Graves, Robert (Vol. 1)
Graves, Robert 1895–
An Anglo-Irish writer, now living in Majorca, Graves is a poet whose work is directed by the Muse and whose principal poetic theme is the impossibility of absolute love between man and woman. Graves is also a novelist, a critic, a mythographer, and a translator. (See also Contemporary Authors, Vols. 5-8, rev. ed.)
Anyone at all interested in poetry should buy Robert Graves' Poems 1938–45…, if only to get one poem, "To Juan at the Winter Solstice." It is one of the most beautiful poems of our century. Naturally, such a piece is far and away the best poem in the book; but the other poems are a pleasure to read even when they are inconsequential—their texture is so accomplished and personal, so terse, self-sufficient, and dryly or grotesquely or individually necessary, that the reader has the superstitious and wholly mistaken impression that the mediocre ones are mediocre only because Mr. Graves hasn't bothered to write anything so vulgar, modern, and alienated-from-himself as a successful poem. The technique of the poems is unusually objective and "classical"—a great deal of English and classical poetry is responsible for the way in which they are written—since metres and forms are things Mr. Graves can accept and transform as easily as he accepts and transforms the ghosts and gods and other historical beings that live on in the enchanting Hades of his novels; but what the poems say is sometimes wonderfully and sometimes rather disastrously the expression of his own peculiar being….
Mr. Graves is one of the few poets alive who can write a first-rate poem, and one of the very few who are getting better as they get older. If I were Clement Attlee I'd pension or imprison Mr. Graves to get him to write more poems: certainly either action would seem matter-of-course to Robert Graves.
Randall Jarrell, in his Poetry and the Age (© 1953 by Randall Jarrell; reprinted by permission of Alfred A. Knopf, Inc.), Knopf-Vintage, 1953, pp. 202-03.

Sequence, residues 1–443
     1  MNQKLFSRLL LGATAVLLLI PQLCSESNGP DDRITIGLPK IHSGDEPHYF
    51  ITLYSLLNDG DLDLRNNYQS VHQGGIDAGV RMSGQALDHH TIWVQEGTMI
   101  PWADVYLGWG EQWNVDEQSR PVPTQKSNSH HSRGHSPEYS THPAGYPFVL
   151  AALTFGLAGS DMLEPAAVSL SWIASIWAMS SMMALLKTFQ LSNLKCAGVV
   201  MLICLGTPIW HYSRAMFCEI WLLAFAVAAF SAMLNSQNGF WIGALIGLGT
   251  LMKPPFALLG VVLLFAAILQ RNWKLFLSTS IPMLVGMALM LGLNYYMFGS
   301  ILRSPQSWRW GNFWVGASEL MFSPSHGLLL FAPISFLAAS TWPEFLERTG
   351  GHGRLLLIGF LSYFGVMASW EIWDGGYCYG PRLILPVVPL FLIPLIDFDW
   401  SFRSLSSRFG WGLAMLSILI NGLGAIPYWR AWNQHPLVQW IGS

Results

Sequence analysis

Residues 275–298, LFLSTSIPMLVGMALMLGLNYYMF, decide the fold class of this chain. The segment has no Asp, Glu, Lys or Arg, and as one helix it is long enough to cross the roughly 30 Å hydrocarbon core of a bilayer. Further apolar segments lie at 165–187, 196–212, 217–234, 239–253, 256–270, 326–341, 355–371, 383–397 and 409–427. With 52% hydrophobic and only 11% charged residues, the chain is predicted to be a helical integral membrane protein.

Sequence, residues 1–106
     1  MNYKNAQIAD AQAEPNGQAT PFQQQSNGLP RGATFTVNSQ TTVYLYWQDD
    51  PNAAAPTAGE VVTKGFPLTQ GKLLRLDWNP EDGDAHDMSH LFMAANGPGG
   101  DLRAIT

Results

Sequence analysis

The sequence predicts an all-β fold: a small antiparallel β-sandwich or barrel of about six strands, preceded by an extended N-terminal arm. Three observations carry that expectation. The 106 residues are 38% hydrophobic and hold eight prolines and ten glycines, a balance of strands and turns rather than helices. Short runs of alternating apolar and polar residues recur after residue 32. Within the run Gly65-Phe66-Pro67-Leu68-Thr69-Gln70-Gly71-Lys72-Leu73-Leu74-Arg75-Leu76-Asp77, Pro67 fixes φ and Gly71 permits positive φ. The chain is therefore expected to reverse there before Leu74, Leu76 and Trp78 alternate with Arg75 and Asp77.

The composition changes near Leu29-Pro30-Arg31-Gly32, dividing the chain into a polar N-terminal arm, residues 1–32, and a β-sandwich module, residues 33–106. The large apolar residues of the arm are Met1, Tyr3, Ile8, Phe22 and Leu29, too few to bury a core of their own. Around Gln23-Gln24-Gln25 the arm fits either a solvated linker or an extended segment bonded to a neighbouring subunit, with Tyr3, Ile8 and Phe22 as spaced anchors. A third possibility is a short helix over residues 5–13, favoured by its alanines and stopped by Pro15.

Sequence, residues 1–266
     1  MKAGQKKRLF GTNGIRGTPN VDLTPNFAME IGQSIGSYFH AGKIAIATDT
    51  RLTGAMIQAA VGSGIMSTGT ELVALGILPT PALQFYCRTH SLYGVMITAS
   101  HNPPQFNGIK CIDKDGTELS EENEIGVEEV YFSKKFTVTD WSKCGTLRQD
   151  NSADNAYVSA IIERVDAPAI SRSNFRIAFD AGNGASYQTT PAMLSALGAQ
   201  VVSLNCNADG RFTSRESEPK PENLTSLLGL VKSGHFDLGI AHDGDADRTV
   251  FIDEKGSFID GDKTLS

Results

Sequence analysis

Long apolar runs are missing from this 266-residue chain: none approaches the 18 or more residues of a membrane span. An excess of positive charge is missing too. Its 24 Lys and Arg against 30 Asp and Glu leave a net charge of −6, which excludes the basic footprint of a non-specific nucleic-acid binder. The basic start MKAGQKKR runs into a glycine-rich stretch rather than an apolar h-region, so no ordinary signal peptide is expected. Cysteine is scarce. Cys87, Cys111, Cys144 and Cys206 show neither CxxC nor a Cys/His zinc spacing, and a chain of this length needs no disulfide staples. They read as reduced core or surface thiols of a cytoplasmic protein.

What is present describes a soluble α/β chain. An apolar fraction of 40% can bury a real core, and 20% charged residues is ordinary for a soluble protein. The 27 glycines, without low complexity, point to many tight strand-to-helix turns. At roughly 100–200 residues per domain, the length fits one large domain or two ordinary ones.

The humorous, mythological, casual yet cosmic poems of Robert Graves, with their highly individual use of folk elements and original handling of traditional metrical forms, show a poetic sensibility almost belligerently at variance with all the contemporary poetic schools.
David Daiches, in his The Present Age in British Literature, Indiana University Press, 1958, p. 53.
Periodically throughout his career Graves has gone through his poetic corpus, suppressed those poems which have seemed to him inferior, and drastically revised those which he has chosen to retain. Thus a poem originally published, say, in Over the Brazier (1916) might reappear, its structure and diction markedly altered, in Poems, 1914–1926, only to be dropped from the contents of Collected Poems, 1938—and then turn up again, its face once more lifted, in Collected Poems, 1955. Such thorough and ceaseless pruning has been almost invariably beneficial to the poems subjected to it…. Good as the poems in Graves's collection of 1961 are, they must not be taken as representative of anything more than the sort of poetry Graves chose to write in 1961. To see what he was like in 1916, one must read the volume that was published that year. (Introduction, xiii-xiv)
A careful reading of Graves's poems as originally published, however, will in fact show that there has been a very distinct pattern of progress in his career, and that there have been in reality four more or less sharply delineated periods into which his work may be divided.
In the first period, which runs from 1916 to 1923, we find Graves jolted out of his whimsical and banal Georgianism by the shock of the First World War…. By 1923 he has tired of such emotional intensity, and is sliding, almost imperceptibly, into the semi-detached, analytical poetry of his second major period. (Introduction, xv)
The poems of Graves's second period are marked by his determination not to become emotionally involved in his work…. The poems of this period are, in fact, less...
(The entire section is 3,718 words.)